It can also be seen as unpatriotic to talk about the harm the US has inflicted on groups of people, Blackburn said.
Without a rich understanding of how Asian Americans have been discriminated against and been central to the American system, some students are left only with stereotypes to fill in their understanding, researchers said.
The model minority, the economic competitors and the foreigners ordered to go back to their country — even if their families have been in the US for generations — are common roles Asian Americans are cast in during times of crisis, An said.
“Stereotypes erase individuals,” Blackburn said. And without individual power, Asian Americans are stripped of their collective power, which can be used to fight for their own interest as well as in alliance with other minority groups, she said.
Legislation and calls for action
Blackburn and organizations like Learning for Justice hope to equip teachers to make their classrooms more equitable and their curriculum more representative, but others are pushing for legislation to implement change.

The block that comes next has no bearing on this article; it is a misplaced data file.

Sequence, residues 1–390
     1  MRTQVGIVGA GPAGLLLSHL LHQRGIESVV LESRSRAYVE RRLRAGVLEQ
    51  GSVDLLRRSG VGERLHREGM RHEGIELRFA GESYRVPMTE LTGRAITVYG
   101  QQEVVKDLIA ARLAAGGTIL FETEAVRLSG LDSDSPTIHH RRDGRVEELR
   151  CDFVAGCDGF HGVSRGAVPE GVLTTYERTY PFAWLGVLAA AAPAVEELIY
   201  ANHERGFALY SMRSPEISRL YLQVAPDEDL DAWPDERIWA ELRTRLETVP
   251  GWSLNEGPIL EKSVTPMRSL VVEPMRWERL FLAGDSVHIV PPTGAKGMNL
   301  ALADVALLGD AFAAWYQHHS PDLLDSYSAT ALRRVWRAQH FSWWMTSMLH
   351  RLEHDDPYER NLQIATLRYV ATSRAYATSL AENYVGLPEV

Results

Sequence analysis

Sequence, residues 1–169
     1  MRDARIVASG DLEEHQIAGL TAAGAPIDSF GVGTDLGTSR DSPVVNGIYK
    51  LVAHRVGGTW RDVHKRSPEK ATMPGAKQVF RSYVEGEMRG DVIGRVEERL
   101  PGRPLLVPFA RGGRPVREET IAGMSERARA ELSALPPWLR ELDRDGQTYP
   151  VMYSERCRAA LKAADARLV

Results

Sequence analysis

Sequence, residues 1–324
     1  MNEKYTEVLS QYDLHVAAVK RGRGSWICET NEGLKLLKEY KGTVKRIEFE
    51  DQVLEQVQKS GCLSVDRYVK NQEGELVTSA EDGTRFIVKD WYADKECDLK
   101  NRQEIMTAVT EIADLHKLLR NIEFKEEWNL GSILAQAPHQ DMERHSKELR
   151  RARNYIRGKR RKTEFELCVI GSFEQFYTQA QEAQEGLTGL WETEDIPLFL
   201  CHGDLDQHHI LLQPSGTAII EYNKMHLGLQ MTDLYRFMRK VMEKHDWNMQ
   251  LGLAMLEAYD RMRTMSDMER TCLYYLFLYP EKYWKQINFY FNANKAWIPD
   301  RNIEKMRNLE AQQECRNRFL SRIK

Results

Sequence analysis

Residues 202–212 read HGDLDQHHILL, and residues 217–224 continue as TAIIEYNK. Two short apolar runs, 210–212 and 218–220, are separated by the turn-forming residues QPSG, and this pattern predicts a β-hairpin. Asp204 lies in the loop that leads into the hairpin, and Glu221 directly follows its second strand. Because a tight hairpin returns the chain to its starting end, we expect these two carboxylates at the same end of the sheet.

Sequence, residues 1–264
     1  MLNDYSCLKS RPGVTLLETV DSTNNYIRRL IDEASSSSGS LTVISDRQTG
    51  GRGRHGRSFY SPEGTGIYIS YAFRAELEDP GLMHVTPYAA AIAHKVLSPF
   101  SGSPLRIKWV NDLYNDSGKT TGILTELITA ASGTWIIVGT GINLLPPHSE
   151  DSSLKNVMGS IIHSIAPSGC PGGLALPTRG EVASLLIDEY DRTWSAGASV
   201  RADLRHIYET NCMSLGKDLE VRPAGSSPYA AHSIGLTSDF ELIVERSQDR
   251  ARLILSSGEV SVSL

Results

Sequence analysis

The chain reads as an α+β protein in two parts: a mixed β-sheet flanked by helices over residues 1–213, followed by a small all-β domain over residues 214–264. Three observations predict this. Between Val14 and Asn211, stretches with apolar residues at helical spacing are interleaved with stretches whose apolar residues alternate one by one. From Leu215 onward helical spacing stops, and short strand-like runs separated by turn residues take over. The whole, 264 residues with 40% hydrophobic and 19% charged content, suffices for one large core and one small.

The legislation, which has passed the state house and senate and is going back to the house for a concurrence vote, would amend the Illinois School Code to mandate Asian American history be taught in every public school.
“I didn’t see our community in our textbooks, and it was hard to understand who our community was in relation to everyone else,” Villivalam said. “For Asian American students it will be a chance to learn our history, the contributions our community has made.”
While Chu said she thinks it is important to expand students’ learning, she has questions about whether legislation to make additions to the curriculum is the way to accomplish that.
“I think the idea is great, but I think people forget that social studies is already on the backburner of almost every single teacher,” Chu said. With so much already on teachers’ backs and reading and math given priority for state testing, if anything gets short changed, it’s social studies, she added.
Rather than adding units in a lesson plan, Chu said she hopes state boards of educations and districts change their standards. And, she added, that teachers will choose to go deeper in their own classrooms.
“Embed it without it becoming its own separate unit on its own,” Chu said.
Otherwise, she feels that AAPI will be seen as a separate entity “rather than we are a part of American history.”